Mars, Saturn at the closest you ever get in a picture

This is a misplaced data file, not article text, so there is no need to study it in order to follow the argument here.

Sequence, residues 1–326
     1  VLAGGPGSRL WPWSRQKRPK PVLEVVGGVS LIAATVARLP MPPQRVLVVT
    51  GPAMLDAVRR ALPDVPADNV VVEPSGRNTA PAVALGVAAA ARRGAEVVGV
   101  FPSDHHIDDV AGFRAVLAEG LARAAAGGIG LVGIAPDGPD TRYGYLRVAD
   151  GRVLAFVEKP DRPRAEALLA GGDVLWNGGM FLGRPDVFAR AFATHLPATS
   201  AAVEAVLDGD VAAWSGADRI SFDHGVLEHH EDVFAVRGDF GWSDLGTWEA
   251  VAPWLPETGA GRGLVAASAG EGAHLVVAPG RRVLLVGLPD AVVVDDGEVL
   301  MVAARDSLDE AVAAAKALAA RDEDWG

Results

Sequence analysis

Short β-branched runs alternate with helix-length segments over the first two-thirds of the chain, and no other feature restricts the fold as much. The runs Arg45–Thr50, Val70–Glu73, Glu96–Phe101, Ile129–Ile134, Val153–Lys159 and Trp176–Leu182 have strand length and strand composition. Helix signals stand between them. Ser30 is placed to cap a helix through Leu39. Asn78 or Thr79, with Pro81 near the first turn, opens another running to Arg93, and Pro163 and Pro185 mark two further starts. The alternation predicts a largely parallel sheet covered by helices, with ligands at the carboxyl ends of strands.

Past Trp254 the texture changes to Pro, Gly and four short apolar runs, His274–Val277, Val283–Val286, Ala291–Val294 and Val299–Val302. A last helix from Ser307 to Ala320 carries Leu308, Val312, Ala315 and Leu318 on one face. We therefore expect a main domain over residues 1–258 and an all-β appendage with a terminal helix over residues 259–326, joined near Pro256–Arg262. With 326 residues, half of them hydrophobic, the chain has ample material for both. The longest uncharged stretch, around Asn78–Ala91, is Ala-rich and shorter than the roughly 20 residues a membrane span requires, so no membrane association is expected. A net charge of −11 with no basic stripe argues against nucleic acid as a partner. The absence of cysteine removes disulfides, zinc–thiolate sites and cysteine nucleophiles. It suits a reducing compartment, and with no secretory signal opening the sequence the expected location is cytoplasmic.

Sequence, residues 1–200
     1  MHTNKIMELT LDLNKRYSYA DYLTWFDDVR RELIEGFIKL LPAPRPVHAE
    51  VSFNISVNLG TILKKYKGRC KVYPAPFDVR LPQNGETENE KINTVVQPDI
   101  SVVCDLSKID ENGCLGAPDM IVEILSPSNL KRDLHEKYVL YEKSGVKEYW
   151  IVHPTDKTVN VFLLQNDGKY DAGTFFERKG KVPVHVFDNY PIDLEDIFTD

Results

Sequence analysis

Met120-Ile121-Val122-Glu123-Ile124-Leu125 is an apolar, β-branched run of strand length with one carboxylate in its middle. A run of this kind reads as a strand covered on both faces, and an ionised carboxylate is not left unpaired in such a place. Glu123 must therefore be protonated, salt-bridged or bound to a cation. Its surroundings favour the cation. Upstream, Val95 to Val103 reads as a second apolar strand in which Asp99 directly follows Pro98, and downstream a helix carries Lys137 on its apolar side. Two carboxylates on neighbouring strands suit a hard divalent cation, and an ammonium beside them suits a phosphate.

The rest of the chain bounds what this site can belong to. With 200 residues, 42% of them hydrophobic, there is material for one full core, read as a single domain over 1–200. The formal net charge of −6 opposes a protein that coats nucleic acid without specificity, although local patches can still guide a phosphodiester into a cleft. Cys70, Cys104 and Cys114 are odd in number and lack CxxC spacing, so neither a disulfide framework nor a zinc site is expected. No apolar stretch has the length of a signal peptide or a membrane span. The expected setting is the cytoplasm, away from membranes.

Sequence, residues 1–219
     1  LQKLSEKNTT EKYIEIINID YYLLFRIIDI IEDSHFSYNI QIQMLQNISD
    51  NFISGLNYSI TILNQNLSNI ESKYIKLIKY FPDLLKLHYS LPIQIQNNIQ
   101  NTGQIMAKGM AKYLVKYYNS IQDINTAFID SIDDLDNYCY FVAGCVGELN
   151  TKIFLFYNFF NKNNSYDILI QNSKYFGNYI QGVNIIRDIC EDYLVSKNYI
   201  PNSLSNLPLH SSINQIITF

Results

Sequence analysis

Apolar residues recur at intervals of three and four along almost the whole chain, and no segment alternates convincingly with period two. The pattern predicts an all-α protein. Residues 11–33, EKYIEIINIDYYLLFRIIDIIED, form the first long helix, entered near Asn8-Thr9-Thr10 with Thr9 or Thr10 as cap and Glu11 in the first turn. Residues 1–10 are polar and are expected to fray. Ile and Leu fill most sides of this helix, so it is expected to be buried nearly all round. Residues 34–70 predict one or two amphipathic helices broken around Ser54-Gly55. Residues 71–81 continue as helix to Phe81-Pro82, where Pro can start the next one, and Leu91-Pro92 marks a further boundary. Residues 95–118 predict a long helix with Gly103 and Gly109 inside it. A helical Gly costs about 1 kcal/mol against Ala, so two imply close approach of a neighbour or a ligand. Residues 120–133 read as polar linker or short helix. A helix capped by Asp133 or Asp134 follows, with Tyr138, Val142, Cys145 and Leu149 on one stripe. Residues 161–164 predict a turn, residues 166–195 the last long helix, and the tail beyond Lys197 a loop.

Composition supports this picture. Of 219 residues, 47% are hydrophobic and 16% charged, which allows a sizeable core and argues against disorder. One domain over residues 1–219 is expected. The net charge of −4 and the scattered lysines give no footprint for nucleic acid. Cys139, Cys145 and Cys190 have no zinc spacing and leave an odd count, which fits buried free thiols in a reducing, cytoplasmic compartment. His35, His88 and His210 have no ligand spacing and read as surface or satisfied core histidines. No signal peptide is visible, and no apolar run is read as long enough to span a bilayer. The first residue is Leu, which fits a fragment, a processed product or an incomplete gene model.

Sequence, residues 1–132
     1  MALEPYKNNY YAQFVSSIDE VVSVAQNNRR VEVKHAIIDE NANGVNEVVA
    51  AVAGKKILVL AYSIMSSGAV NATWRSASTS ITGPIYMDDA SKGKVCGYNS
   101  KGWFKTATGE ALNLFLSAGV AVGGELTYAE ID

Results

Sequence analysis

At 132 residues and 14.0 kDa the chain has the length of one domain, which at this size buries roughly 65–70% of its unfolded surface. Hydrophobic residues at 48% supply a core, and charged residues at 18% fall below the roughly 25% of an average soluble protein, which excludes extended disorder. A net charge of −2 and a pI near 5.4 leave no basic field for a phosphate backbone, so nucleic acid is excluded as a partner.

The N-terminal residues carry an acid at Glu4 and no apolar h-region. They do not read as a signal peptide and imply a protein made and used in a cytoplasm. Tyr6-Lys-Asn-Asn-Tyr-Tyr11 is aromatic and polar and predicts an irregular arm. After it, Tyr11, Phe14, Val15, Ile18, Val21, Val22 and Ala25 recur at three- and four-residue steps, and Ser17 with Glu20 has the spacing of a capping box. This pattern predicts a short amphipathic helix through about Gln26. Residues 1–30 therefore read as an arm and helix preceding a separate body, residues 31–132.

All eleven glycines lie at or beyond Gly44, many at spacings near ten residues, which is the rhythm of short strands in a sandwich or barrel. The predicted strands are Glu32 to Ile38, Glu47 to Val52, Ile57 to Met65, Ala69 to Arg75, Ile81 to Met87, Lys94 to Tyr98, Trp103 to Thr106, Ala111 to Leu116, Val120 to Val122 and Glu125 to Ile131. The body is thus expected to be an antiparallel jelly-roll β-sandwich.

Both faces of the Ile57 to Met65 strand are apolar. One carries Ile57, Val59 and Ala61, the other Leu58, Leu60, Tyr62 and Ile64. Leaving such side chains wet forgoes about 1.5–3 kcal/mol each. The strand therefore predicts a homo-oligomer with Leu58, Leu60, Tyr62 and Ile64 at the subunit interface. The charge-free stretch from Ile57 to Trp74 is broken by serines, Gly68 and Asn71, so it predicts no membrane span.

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At 10:29pm BST (21:29 UT) on Monday, 30 May 2016, Mars and Earth will be 46,777,480 miles (75,281,050 kilometres) apart — the closest that the Red Planet has come to our planet since 30 October 2005. On 30 May, Mars rises an hour before sunset as seen from the centre of the British Isles, and by 11pm will be visible as a magnitude -2 ochre-coloured 'star' low in the south-southeast. Mars has an angular diameter of 18.6 arcseconds this night — almost exactly the same size as the globe of nearby Saturn. The Ringed Planet reaches opposition on 3 June and lies just 15 degrees (almost the span of an outstretched hand at arm's length) to the left of Mars. Antares in Scorpius is the first-magnitude star that lies below the two planets, the trio highest in the sky to the south at 1am BST. AN graphic by Ade Ashford.